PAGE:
“Tell a real story. Talk like a goddamn real person…stop all the countless bullshit we marketers create to make us sound more important than we really are.”
I wrote that years ago, long before social media became the behemoth it is today, before the 2016 U.S. elections, before global pandemics sent us into our homes desperate for the same human connections that just days prior we took for granted.
Yet despite the very real health threat we now face, despite the anxiety and fear and uncertainty that scars this nascent 21st century, something good may come out of all this. Something that will last long after we adjust to whatever normal life becomes.
I felt it in this raw, moving video from Marriott CEO Arne Sorenson. I saw it in Dyson’s ingenious creation of ventilators, in U-Haul’s decision to provide free storage to displaced college students, and in LVMH switching from manufacturing perfume to making hand sanitizer:
The end of bullshit.
NOW LET’S BE CLEAR: it’s not like some won’t still try to use bullshit any chance they get.
Bad habits are hard to break after all. I’m sure you’ve received lots of “your safety is our priority” emails from companies that also want you to keep buying stuff even if it means leaving your house (“gee thanks, my dream vacation just got cancelled and I’m afraid I’ll be dead within the month, but good to know I can still get 30 percent off.”)
Or how about this poetic message from Barnes & Noble:
We’re living through turbulent times together. Our booksellers are your neighbors, your friends and family. Your stories are our stories, and we know how resilient our communities are.
The Booksellers of Barnes and Noble
Yes, oh faithful Booksellers of Barnes & Noble, these are turbulent times. Also there are people dying, millions without jobs and countless others about to go homeless and hungry. But you know how resilient we are, so it’s all good.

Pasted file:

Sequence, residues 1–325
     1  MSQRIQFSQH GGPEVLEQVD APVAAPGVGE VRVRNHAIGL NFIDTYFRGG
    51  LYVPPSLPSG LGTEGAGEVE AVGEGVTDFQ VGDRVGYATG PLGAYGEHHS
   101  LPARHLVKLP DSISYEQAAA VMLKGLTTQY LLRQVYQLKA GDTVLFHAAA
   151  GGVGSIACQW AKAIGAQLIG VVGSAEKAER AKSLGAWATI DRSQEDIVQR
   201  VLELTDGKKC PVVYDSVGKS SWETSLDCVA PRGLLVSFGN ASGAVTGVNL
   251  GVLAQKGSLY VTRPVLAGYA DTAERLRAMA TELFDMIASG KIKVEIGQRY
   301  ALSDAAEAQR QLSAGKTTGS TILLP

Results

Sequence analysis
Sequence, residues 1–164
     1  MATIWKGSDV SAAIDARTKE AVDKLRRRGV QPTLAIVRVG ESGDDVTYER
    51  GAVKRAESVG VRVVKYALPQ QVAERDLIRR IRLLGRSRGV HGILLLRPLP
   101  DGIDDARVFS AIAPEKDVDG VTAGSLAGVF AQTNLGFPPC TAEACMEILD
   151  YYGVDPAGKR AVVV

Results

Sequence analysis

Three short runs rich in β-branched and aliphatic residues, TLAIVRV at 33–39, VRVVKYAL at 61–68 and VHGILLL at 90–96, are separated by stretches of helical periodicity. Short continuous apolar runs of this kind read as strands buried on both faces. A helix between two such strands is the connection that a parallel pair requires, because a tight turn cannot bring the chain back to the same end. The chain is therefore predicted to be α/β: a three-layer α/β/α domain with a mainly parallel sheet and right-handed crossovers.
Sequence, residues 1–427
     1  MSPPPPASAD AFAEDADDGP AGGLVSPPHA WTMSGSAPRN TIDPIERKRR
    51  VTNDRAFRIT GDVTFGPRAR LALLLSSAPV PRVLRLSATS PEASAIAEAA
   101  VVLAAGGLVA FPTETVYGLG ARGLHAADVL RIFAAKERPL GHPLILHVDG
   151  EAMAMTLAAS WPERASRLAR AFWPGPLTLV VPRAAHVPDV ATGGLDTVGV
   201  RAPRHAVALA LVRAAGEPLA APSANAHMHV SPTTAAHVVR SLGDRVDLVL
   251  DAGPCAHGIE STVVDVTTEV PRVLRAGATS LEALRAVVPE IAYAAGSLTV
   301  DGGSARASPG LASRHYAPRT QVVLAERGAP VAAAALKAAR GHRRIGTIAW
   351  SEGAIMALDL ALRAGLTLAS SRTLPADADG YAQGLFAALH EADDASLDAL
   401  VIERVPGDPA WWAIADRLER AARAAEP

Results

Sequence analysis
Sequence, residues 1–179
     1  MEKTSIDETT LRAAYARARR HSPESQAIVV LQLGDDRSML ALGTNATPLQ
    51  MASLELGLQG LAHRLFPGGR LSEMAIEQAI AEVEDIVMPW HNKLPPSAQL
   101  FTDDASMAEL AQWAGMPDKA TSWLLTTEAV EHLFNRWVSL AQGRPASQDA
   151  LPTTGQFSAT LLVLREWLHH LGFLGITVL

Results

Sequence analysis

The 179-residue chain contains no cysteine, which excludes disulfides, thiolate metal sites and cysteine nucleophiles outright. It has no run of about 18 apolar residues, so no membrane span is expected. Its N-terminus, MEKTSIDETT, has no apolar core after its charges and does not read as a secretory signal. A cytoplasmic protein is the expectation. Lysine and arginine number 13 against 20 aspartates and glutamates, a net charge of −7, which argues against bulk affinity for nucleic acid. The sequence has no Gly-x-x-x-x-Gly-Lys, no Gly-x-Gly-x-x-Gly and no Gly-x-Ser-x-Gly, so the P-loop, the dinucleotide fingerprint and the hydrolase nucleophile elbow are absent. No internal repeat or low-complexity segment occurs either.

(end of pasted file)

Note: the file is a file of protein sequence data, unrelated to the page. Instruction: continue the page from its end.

Even when some brands actually try to do the right thing, they can’t help but fall back on the bullshit marketing practices of the past.
Popeyes Chicken thought it would help out in this time of crisis by offering its Netflix login credentials to the first 1,000 people who posted photos of themselves eating Popeyes, and then tagging their fun photos with #ThatPasswordFromPopeyes (#ThatsALongStupidHashtag.) Never mind that the promotion’s name, Fried Chicken and Chill, is a slang expression telling people to eat fried chicken and then have sex. Not the worst suggestion anyone has ever made, but still creepy.
The point is the promotion didn’t hurt Popeyes. They wanted the gain without any pain.
There has to be some semblance of sacrifice; not just donations but actions. If we’re in this together, then we actually need to be in this together. For example, Popeyes competitor KFC is providing weekend meals for kids to keep them from going hungry — a relatively simple gesture with real human impact.
Consumers don’t want marketing campaigns, they want empathy. They want brands to care because it’s the right thing to do, not because the brand expects something in return.
They want more CEOs like Delta’s Ed Bastian, who updates his customers without pretentious buzzwords and is honest about the state of the business; who plans to institutionalize new cleaning and safety procedures for the long term, and who puts his employees’ safety and financial security first.
If you need a teleprompter and a script to connect with people, then you don’t know how to connect with people.
MARKETERS CAN’T GO BACK TO THE WAY THINGS WERE. That world no longer exists, and consumers won’t tolerate insincerity anymore.
Even the way people interact with each other has been freed from bullshit. We no longer care that our dogs jump on our laps during a client call, or that our colleagues might discover that our blonde hair is really brown. We are more real in the digital world than we ever were in the physical.
Digital has always been about sociology, not technology; about people and empowerment. The more socially distant we are (or “physically distant” to be more accurate), the more we need to connect – and thanks to digital, we can be a part of it all without being apart from it all.
Of course bullshit will always be with us in some form; we need evil so we can appreciate the good. Nevertheless, we had a revolution this month, a revealing marketing revelation of epic proportions. It was a coup of the best kind, and a message to all those who would defy the will of the people that their time is over. The world is forever changed, and so is marketing.